Friday, October 15, 2021


Love this shot of my father; his Irish immigrant mother (who lived down the street from us with my Irish immigrant grandfather and one of my father's brothers and his family); my brother Tommy who'd joined The Army Air Corps (WWII was still happening) and would later become Father Campion, Franciscan friar; my mother's mother (who lived in Newark but would soon be widowed and my father would turn the back porch we're standing on into a bedroom for her to live with us); my mother (who I have always adored, both before and after she passed when I was 23); and scowling little me (notice the laundry line pulley above my mother and me).

Tuesday, October 12, 2021


A few weeks ago a friend insisted I watch the Disney movie POLLYANNA. I was way past Disney when it came out in 1960, the year I turned 18, so I'd never seen it. But, I had heard the term used in connection with me over the years even then (the original story came out in 1901) as a put down of what some supposedly more sophisticated people took to be my naïvete and childish optimism.

I had already written dark poems and stories about racism and drug addiction and more in 1960, but my usual attitude was based in a belief in the infinite possibilities of love, So when I encountered my first intellectuals and academics and literary scenesters, I was often treated as less intelligent because I rejected cynicism and even irony for sincerity and tenderness. The word "sentimental" was used as a weapon against me.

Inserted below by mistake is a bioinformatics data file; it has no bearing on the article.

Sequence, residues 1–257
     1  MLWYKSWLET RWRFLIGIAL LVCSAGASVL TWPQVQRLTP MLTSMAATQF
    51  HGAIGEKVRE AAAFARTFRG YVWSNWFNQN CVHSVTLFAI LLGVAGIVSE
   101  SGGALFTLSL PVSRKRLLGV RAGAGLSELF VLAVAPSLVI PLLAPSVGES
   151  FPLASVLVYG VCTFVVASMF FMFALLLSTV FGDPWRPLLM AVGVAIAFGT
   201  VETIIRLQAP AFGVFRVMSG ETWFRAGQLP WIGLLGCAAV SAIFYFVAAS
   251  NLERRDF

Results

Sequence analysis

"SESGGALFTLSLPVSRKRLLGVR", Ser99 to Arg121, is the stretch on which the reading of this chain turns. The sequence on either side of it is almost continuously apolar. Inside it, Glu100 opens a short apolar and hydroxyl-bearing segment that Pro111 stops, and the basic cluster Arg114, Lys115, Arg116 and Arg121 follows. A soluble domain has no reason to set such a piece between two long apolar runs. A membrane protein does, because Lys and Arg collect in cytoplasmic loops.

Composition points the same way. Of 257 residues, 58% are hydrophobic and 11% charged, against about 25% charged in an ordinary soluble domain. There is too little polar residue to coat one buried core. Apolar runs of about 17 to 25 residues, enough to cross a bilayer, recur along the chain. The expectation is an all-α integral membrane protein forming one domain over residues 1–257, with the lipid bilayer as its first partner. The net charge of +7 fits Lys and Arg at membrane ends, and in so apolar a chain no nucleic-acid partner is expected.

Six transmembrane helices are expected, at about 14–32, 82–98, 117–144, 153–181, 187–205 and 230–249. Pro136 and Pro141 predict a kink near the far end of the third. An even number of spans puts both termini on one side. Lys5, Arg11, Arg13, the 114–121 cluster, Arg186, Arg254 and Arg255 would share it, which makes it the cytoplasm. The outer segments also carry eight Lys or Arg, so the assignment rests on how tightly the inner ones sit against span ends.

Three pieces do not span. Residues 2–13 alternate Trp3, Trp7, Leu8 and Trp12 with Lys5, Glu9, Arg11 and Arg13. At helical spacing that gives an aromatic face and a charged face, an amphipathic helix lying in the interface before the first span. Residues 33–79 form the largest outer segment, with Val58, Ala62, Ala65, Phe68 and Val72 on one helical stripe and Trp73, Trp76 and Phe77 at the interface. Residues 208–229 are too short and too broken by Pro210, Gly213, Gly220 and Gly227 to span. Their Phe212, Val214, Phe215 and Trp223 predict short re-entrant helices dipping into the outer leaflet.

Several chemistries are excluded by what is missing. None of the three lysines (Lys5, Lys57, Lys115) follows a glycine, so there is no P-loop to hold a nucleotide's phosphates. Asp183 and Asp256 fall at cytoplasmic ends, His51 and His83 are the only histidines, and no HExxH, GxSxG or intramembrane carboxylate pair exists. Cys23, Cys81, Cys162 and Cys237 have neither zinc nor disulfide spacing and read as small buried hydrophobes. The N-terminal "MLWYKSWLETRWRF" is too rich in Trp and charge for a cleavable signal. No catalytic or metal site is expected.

So seeing POLLYANNA for the first time was a pleasant surprise. First for the extraordinary cast of Hollywood character actors and aging stars, and then for the unfolding story, and then for the obvious message of love and gratitude conquering cynicism and pessimism. So much so that I found myself close to sobbing at the end when my friend, the incomparable psychiatrist author Mindy Fullilove, said: "that's you, Michael."

Though I don't think I'm ultimately worthy of the comparison to the Hayley Mills character's purpose and impact, I sure am gratified that someone thinks I am.

Thursday, October 7, 2021


My youngest child, Flynn, turns 24 today (my two older offspring, Caitlin and Miles, in their early 50s), celebrating in Manhattan where he lives and works. Here's a photo of him and me when he was in his early schooldays, and one taken pre-Covid of us goofing in a neighborhood restaurant. How precious are the days we get to share with those we love.